B (Bridget) Cummins sadly passed away last month. She was one of a team of five who made the iconic centre panel of the Lockout Tapestry. The others were Mary O’Reilly, Bernie Murphy, Tess Flynn and Maree Maher. They came into Tara House practically every Tuesday for 15 months to make the centre panel. Ruth Cummins very kindly wrote to me on behalf of the family after B’s death to thank us for attending the packed funeral mass, a tribute to her popularity and all the work she did in the community, but also to say – ‘B loved working on the Tapestry and we are proud of the work she did’.
We reproduce the letter with Ruth’s permission along with a picture of B with the Tapestry at its launch in Liberty Hall in September 2013 with some of the team.
Lord Mayor of Dublin to unveil ‘Easter 1916’ painting in Docklands
“Shadows of the Rising” – a Sean O’Casey Theatre writing & drama competition will also be announced
The East Wall History Group, in conjunction with the Sean O’Casey Theatre will hold a 1916 Rising commemorative event on Wednesday evening.
A new painting by artist Eilish Lynch will be unveiled by Lord Mayor of Dublin Christy Burke.
The painting is a representation of the 1916 Rising and Independence struggle. The artist’s family were participants – her Father and Mother were members of the Irish Citizen Army, while her Uncle Sean Hunter was in the Irish Republican Army. Her father, Christy Crothers, was 14 years old when he served in the Stephens Green Garrison, but was sent home by Countess Markievicz due to his age. All three were involved in some way with the events of ‘Bloody Sunday’ 1920, and Sean would die tragically as a member of the National Army in 1922. The painting is entitled ““THEY DID US PROUD: OUR HEROES GONE”
“Shadows of the Rising” is a competition which will invite playwrights to submit new, short works based on that theme. Four plays will be selected by an independent panel and each will be awarded a bursary of €400 and will be staged and presented as part of the 1916 celebrations hosted The Sean O Casey Theatre in 2016.
The Lockout Tapestry is on display at Ballyfermot Library throughout April and May 2015 with explanatory leaflets – don’t forget to sign visitors book!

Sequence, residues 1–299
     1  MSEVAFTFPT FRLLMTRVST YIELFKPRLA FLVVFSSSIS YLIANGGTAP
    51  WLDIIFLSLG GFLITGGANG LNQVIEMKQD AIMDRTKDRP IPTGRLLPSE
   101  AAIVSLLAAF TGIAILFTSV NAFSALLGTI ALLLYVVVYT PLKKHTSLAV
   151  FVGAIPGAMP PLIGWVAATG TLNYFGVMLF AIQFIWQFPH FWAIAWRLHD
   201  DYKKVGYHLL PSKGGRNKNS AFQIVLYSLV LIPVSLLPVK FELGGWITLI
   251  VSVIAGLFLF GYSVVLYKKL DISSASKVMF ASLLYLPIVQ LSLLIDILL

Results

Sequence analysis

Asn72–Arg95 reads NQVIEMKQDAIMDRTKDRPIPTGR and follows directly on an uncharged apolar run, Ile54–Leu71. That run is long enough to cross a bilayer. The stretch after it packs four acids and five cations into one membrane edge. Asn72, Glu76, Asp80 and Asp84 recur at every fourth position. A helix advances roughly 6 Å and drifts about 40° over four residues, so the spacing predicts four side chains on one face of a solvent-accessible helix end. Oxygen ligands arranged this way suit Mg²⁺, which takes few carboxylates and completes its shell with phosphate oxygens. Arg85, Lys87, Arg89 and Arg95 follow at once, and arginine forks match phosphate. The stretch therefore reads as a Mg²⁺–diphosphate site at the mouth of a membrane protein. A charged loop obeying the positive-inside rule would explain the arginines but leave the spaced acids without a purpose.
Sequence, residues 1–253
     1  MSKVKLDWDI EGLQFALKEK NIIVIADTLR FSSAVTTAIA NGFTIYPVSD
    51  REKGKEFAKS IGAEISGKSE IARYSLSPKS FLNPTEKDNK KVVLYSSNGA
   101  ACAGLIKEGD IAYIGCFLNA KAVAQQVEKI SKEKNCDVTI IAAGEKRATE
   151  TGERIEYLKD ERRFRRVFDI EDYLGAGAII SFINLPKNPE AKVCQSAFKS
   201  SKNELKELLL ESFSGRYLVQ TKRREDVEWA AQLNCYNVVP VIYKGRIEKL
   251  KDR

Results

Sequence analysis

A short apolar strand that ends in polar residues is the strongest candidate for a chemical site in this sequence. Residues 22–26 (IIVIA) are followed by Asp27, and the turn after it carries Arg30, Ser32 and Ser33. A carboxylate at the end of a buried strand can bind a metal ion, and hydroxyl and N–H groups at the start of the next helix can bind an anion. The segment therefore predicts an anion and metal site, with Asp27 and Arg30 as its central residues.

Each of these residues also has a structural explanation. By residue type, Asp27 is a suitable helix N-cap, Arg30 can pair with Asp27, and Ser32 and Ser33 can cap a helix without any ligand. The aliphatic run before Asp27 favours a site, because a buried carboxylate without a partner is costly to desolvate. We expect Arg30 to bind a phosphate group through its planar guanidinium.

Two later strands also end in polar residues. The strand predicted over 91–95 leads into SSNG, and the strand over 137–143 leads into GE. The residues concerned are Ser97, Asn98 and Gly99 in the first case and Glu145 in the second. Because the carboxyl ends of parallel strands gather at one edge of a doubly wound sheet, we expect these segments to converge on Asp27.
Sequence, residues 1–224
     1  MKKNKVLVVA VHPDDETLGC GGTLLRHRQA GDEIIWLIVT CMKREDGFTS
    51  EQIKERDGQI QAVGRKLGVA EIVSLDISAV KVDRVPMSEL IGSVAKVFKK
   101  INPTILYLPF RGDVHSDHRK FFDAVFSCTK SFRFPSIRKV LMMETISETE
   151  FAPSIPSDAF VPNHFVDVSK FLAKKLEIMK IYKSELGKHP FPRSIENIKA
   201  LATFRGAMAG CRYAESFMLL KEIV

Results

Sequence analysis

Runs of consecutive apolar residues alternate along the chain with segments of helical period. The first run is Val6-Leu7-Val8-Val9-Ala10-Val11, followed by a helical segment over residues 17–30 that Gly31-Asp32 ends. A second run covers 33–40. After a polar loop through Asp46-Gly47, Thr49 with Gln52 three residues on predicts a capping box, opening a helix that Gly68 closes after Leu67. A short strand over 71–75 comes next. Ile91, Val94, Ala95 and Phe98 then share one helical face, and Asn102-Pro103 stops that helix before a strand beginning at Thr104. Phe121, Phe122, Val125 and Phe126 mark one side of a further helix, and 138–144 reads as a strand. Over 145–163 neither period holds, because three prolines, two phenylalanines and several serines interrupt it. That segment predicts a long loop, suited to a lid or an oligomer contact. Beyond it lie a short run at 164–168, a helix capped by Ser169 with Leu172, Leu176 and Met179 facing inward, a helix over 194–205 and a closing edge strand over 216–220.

John will also debut new work at literary event on Dublin visit
On Tuesday 24th March at 8.15pm John will be delivering a talk entitled “The Molly Maguires: Myth , History and Mystery “ in The Cobblestone , Smithfield .
The Molly Maguires were a group of Irish immigrant coal miners in Pennsylvania who struggled against unjust mine bosses and were the victims of the largest mass execution in US history. Twenty accused “Molly Maguires” were hanged in upstate Pennsylvania in 1877 and 1878. John Kearns has written a play “Sons of Molly Maguire,” and a talk he delivered at Dublins Sean O’Casey Theatre in 2013 was a huge success.
According to John Kearns:
“I am thrilled to be giving the talk ‘Molly Maguires of Pennsylvania: Myth, History, & Mystery’ at the Cobblestone Pub on 24 March. I’ve updated the presentation with information and insights from new resources that have become available — particularly about the connection between the Mollies and rural theatrical traditions.” (more…)
The 1913 Lockout Tapestry is currently on display at the Dublin City Civic Archive and Public Library in Pearse Street, Dublin. Mary Hunter was one of the core group of stitchers. She is also a leading member of the Medical Laboratory Laboratory Scientists. She recently told the story of her involvement in the making of the Tapestry to her colleagues in the MLSA.